Feeding bread to waterfowl has been linked a condition known as “angel wing syndrome”, which causes the end joints of the birds’ wings to develop abnormally. Bread is high in carbohydrates and lacks several minerals that are vital to proper waterfowl bone development. This syndrome completely prevents affected birds from flying at all, leading to an early death for many of these animals.

AIWC recommends that people do not feed any species of wildlife, as feeding can habituate animals to humans and increase the likelihood of them being injured by human-related activities.

Think you’ve spotted an injured or orphaned animal? Call our clinic at 403-946-2361! If you have any questions about local wildlife, you can also e-mail us at

Hop to it: fun rabbit facts that will put a spring in your step

Thoughts of springtime are usually accompanied by images of cotton-tailed bunnies munching on verdant buds and freshly grown grass. But there’s more to these hopping carrot lovers than meets the eye. For instance, did you know that hares and rabbits are distinctly different animals?

To brush up on your knowledge about these symbols of springtime, here are a few fun facts about the rabbits and hares you might spy in Alberta this spring:

  • The difference between rabbits and hares can be easily observed in their respective sizes. Hares typically have larger ears and hind feet, while rabbits are smaller in scale. Additionally, rabbits are more social animals, while hares are less social and more skittish.
  • Similarly, another difference between hares and wild rabbits is that the coats of the latter remain one colour (usually grey or brown) all year round, while the former changes from brown in the summer to white in the winter in an effort to blend in with their surroundings.
  • Baby rabbits are called ‘kittens’ or ‘kits’, while infant hares are known as ‘leverets’.
  • With the way that rabbits’ and hares’ eyes are positioned on their heads, they are afforded a complete 360 degree field of vision. This lack of visual blind spots comes at a price, though, as their depth perception is shoddy.
  • Looking to spot some hopping four-legged friends in Alberta this spring? Keep an eye out for the following critters, all of which are native to the province:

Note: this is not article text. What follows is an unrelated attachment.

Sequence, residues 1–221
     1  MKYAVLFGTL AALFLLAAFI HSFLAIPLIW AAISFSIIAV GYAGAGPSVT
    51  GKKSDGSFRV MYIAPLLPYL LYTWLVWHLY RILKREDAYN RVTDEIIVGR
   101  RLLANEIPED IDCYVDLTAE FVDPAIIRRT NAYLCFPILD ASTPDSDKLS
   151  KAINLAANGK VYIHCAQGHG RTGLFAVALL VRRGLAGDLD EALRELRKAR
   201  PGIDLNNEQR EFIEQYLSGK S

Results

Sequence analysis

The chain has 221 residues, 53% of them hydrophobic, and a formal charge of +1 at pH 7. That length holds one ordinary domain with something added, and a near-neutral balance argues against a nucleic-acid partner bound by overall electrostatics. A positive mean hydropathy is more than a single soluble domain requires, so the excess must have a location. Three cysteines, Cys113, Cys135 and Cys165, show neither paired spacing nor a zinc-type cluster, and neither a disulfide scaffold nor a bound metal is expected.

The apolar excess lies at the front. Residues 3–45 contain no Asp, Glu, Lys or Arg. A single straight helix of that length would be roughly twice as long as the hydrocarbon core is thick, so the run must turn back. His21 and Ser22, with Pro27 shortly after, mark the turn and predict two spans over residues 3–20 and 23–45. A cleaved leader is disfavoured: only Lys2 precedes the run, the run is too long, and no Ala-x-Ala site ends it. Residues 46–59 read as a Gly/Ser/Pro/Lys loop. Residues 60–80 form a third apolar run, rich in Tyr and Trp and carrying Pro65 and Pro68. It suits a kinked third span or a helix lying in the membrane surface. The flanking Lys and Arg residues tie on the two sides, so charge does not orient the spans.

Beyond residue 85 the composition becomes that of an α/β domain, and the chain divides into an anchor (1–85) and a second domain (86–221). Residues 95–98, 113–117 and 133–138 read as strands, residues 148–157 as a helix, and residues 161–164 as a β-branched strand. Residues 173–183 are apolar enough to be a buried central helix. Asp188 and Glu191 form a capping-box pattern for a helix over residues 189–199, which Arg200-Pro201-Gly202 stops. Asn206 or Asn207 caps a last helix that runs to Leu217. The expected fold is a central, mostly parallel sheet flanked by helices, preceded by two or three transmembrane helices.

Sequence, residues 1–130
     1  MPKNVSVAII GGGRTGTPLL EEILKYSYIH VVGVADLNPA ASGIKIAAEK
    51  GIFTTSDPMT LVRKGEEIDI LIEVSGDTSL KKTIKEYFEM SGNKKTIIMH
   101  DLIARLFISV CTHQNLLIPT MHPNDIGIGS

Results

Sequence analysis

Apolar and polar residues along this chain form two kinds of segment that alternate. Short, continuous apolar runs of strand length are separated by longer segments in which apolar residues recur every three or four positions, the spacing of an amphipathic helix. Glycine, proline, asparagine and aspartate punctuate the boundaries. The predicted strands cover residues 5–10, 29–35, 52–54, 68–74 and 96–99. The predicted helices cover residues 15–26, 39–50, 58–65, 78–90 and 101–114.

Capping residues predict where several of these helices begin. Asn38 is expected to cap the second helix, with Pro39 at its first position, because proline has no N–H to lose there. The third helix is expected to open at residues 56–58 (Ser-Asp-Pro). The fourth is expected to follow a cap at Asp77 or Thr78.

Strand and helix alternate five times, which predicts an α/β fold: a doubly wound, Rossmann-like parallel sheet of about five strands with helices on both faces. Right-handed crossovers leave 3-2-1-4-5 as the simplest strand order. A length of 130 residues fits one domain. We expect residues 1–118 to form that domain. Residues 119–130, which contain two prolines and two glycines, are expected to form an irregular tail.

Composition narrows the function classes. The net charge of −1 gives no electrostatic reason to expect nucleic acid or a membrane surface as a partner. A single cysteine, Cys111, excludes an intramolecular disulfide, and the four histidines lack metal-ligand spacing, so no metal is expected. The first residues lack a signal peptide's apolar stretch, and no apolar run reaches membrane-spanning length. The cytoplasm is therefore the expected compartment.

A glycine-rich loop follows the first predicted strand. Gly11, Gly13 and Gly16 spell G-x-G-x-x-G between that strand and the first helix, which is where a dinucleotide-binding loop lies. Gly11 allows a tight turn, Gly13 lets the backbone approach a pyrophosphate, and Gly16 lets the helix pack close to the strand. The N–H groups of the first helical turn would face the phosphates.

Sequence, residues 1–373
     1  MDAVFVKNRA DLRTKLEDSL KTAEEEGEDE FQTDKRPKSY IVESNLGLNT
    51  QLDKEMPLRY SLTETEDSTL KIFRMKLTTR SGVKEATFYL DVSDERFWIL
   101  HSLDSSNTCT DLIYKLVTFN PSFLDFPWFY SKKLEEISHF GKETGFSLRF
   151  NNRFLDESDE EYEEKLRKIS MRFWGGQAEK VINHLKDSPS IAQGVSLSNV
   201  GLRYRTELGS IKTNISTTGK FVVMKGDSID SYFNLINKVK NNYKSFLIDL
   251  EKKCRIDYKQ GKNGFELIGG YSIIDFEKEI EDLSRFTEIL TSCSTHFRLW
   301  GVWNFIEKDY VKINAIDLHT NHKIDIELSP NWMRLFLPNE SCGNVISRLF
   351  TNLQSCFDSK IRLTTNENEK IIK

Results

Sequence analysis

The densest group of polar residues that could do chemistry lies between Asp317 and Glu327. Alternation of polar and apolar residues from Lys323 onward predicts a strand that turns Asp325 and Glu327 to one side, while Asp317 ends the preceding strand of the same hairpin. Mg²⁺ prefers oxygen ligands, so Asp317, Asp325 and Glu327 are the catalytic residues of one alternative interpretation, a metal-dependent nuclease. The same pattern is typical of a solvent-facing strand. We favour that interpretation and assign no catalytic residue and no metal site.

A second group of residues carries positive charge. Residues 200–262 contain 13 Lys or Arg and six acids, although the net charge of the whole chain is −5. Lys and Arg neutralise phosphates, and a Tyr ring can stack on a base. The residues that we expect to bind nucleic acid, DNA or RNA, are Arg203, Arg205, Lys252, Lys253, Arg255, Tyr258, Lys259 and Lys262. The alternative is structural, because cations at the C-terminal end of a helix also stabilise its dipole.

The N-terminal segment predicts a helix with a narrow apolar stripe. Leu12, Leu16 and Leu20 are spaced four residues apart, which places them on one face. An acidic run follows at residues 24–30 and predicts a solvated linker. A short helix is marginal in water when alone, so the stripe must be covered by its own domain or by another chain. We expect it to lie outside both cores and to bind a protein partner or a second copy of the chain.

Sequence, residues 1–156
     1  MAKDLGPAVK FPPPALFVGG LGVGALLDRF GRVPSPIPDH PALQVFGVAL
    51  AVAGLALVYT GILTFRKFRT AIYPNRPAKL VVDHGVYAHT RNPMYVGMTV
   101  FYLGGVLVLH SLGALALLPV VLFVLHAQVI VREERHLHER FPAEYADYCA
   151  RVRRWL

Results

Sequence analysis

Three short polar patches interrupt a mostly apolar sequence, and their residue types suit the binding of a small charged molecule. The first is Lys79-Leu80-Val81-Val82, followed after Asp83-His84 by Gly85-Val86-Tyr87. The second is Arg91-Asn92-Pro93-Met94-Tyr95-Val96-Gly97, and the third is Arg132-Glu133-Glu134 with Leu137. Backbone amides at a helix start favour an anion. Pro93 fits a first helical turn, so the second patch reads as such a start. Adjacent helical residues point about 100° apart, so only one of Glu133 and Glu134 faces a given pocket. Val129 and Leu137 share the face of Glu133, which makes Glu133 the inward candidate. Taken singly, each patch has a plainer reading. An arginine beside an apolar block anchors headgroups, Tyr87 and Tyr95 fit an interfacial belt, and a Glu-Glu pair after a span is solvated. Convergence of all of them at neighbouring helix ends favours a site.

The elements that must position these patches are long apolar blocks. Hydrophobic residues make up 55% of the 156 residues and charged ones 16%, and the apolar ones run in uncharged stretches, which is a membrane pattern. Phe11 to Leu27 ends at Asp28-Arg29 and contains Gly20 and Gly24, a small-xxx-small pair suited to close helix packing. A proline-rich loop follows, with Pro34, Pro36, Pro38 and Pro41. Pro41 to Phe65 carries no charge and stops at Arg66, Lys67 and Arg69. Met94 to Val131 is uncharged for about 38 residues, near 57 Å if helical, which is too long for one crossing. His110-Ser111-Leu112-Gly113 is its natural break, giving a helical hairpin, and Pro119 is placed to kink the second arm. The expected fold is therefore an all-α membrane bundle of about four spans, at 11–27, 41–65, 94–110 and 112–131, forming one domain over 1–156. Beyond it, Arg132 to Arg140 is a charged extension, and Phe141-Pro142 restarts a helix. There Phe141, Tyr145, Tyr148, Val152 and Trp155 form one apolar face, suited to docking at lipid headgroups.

• Mountain cottontail rabbits are AB’s resident rabbit, and an adult rabbit typically grows to weigh just over 2.5 lbs. They can be easily identified by their shorter ears and hind feet, as well as their grey-brown colouring that gives way to a white coat on their bellies.
    • Just like the name suggests, the snowshoe hare’s hind feet allow the animal to seemingly float above deep snow, instead of letting it sink into the cold snow. This allows for quicker transportation and a higher level of agility when dodging predators.
    • Though the name may be misleading, the white-tailed jackrabbit isn’t actually a rabbit by definition. This hare typically grows to weigh about 7.5 lbs., and can generally be found in southern Alberta’s grassland, parkland, and foothill regions.

By Giselle Wedemire, AIWC Volunteer

Sources: AEP Alberta, ThoughtCo., National Geographic

The Cormorants are Coming!

Every year in late April to early May, seabirds known as double-crested cormorants (Phalacrocorax auritis) make their homes on and near Alberta lakes and rivers to breed and raise their young. So named because of the long, fine feathers that appear behind each eye in spring, they are one of approximately forty sub-species in the world.

The name cormorant is a contraction of two Latin words; corvus and marinus which when put together mean “sea raven”. With their penchant for fishing and their black colour it is easy to see why.

The double-crested cormorant is a large black bird with a long sinuous neck and a yellow-orange throat patch. They weigh between 1.2 and 2.5 kilos and are exceptional divers, some able to dive to depths of 45 meters using their powerful webbed feet and using their wings as rudders. Cormorants eat a wide variety of fish along with some crustaceans, amphibians and insects. Their long beak, with the tip of the bill shaped like a hook, is an excellent aid in catching prey.

A cormorant’s time is spent almost equally between fishing and resting. Some people believe that their oil glands are insufficient for waterproofing, and although these oil glands may help them be a better diver, it also means they must spend a large portion of time drying their wings. Observers will often find cormorants on top of tall trees of telephone poles with their wings outstretched to catch the drying rays of the sun.